Bangladesh add backup batsmen amid Tamim doubts

South African bowler Keshav Maharaj (R) celebrates after his dismissal of Bangladesh batsman Mominul Haque (L) during the third day of the first Test cricket match between South Africa and Bangladesh in Potchefstroom on Sept. 30, 2017. (AFP/Gianluigi Guercia)
Updated 06 October 2017
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Bangladesh add backup batsmen amid Tamim doubts

DHAKA: Bangladesh on Friday added batsman Mominul Haque to their squad for a three-match one-day international series in South Africa amid doubts about opener Tamim Iqbal.
Mominul is a Test regular but played the last of his 26 one-day games against Sri Lanka at the 2015 World Cup.
“We have concerns about the fitness of Tamim. So we thought we might need a back up,” said Bangladeshi selector Habibul Bashar.
“Mominul is already with the team. So his name popped up in our mind immediately,” he added.
A hamstring injury has forced Tamim out of the second Test beginning Friday at Bloemfontein but team physiotherapist Thihan Chandramohan was hopeful he would recover in time for the ODI series which starts October 15.
Tamim pulled a muscle during a three-day practice match at Benoni last month and did not appear fully fit during Bangladesh’s 333-run defeat in the first Test at Potchefstroom.
Pushed down-order to number five, he made 39 in the first innings. It was the first time in his Test career that he could not open the innings. He scored a duck in the second innings.
All-rounder Shakib Al Hasan also returned to the ODI squad after taking a break from Tests.
The ODI games will start in Kimberly and then go to Paarl and East London on October 18 and 22.
Bangladesh will also play two Twenty20 internationals during the month-long tour.
Bangladesh squad
Mashrafe Mortaza (capt), Tamim Iqbal, Liton Das, Soumya Sarkar, Imrul Kayes, Mominul Haque, Mahmudullah Riyad, Mushfiqur Rahim, Shakib Al Hasan, Sabbir Rahman, Nasir Hossain, Mehedi Hasan, Mustafizur Rahman, Taskin Ahmed, Rubel Hossain, Mohammad Saifuddin


‘We don’t fear anyone,’ says European captain Bjorn

Updated 24 September 2018
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‘We don’t fear anyone,’ says European captain Bjorn

  • Thomas Bjorn: I spent 25 years playing professional golf with Tiger Woods on the scene, and any time he does anything great, that’s a story and that’s where we want to see him
  • Bjorn: We don’t fear anyone because we’ve played against them so many times before individually but we respect our opponents and know what we are up against

Saint-Quentin-en-Yvelines, FRANCE: Europe captain Thomas Bjorn said ‘his team “don’t fear anyone” as they prepare to take on a powerful United States line-up packed with nine major champions including a resurgent Tiger Woods at this week’s Ryder Cup.
France’s Le Golf National, just south of Paris, is only the second European venue outside of Britain and Ireland to stage the biennial showdown in which the United States will be targeting a first win on foreign soil since 1993.
The Americans are bidding to retain the trophy after a 17-11 rout at Hazeltine two years ago, and bring over a squad that has combined for 31 major titles — compared to just eight for Europe.
“These are 24 of the best players in the world, and you know, when they go up against each other, they are all capable of amazing things on both sides,” Bjorn told reporters at a joint press conference with US counterpart Jim Furyk on Monday.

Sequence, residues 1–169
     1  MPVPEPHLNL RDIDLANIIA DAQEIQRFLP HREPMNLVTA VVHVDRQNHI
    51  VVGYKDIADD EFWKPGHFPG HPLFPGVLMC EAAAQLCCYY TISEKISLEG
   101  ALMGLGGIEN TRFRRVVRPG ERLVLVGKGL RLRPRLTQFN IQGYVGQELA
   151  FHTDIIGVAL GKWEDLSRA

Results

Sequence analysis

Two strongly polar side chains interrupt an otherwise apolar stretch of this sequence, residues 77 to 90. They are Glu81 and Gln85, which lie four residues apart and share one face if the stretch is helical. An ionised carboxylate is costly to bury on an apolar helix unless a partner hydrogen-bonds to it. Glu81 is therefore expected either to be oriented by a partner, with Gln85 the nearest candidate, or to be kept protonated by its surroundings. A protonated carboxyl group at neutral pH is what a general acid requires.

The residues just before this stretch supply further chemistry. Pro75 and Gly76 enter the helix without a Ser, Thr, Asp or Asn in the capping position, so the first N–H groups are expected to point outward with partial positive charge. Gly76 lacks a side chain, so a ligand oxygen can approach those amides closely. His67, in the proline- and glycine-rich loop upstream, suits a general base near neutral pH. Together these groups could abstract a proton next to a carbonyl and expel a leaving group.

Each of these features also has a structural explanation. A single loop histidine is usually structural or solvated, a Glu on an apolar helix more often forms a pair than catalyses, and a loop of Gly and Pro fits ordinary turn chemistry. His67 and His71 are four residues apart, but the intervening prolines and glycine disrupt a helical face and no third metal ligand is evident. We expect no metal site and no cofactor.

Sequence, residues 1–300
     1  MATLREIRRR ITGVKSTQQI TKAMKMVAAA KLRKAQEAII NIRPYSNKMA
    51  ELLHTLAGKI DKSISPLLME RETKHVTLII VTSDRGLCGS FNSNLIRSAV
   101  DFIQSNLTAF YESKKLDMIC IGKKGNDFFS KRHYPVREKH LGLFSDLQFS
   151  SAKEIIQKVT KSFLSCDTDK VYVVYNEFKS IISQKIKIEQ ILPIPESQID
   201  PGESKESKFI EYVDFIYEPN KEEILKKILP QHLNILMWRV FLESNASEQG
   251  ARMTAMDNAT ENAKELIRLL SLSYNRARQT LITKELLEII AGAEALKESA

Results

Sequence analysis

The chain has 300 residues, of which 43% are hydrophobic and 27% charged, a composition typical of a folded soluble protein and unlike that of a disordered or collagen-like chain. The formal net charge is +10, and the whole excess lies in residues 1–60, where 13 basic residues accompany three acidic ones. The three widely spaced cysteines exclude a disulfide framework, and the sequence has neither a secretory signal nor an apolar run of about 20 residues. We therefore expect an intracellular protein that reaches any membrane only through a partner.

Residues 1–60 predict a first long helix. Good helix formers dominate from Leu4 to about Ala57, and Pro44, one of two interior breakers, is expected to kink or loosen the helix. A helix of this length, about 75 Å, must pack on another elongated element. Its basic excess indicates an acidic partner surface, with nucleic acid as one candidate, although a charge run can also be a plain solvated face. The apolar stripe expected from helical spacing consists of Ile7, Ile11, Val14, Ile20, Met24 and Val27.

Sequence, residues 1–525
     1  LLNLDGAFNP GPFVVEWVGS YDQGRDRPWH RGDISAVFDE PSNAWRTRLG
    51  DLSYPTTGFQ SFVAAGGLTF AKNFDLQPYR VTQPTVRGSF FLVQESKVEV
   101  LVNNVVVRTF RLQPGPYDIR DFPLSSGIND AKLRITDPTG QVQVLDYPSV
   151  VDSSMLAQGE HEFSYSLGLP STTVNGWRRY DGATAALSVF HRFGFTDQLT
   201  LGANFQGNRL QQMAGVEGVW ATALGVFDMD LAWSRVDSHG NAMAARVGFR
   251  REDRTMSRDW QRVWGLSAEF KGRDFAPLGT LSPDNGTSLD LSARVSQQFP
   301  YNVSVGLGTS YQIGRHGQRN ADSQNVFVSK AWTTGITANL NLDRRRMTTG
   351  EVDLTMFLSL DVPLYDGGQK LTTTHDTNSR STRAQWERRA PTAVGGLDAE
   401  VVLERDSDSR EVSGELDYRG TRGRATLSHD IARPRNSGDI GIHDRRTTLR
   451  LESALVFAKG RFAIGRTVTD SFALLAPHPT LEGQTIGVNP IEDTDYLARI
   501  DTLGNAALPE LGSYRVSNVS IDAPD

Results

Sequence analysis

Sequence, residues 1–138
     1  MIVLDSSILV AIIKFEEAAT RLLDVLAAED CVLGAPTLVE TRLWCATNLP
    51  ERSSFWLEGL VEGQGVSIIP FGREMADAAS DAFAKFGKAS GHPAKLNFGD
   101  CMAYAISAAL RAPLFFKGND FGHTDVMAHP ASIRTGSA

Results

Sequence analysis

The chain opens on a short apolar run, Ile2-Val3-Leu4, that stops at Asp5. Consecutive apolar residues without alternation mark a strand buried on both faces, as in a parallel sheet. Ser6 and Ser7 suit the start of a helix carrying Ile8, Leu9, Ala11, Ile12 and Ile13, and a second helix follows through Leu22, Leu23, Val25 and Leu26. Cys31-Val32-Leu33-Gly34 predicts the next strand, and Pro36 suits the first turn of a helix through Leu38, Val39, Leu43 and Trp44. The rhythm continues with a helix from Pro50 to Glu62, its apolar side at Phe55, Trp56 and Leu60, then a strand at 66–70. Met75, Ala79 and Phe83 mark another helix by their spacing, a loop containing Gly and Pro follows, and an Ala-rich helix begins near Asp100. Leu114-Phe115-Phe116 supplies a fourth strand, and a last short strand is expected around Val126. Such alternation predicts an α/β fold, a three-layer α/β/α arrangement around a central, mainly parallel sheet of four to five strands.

“We don’t fear anyone because we’ve played against them so many times before individually but we respect our opponents and know what we are up against. That I think is the key to all this.
“We’ll go out and do what we can and play our game. What stands on the other side we know is one of the strongest American teams of all time, and we know we’ve got to play our best to come up against this team.”
The star attraction in France will undoubtedly be Woods, who is making his first Ryder Cup appearance since 2012 following a long road back from injury that threatened to curtail his career.
Woods won the Tour Championship on Sunday at East Lake for his 80th career US PGA Tour title, two shy of Sam Snead’s all-time record, and his first victory in 1,876 days.
“I spent 25 years playing professional golf with Tiger Woods on the scene, and any time he does anything great, that’s a story and that’s where we want to see him,” said Bjorn.
“We want to see him at the top of the game. He does so much for the game of golf. Watching that last night, I thought it was brilliant to watch. It was great for the greater aspect of the game.”
Fans chanted “Ti-ger, Ti-ger” and “U-S-A, U-S-A” amid a spectator stampede surrounding Woods in a rush to see him on the 18th green, with the 42-year-old fighting back tears before his clinching putt.
“I think you could see the emotion in talking about fighting back tears. I think the arms in the air and the fist in the air, it was important for him to win,” Furyk said of Woods.
“When you look at now, maybe comparing past Ryder Cups to this one, I think what’s so special is Tiger has engrained himself in our team atmosphere and became such a big part of the team in 2016 as a vice captain, and then again in 2017 as an assistant captain at the Presidents Cup.
“I think it’s special for him now to kind of join these younger players as a teammate.”
Furyk says Woods’ presence will simply add another level of anticipation to an event that is expected to welcome more than 270,000 fans through the turnstiles.
“It obviously brings — not that this event needs much more energy or that brought to it; it’s probably the biggest, the grandest event in all of golf but it will add that much more excitement, I believe, and you know, it’s exciting either way, but it adds to it,” he said.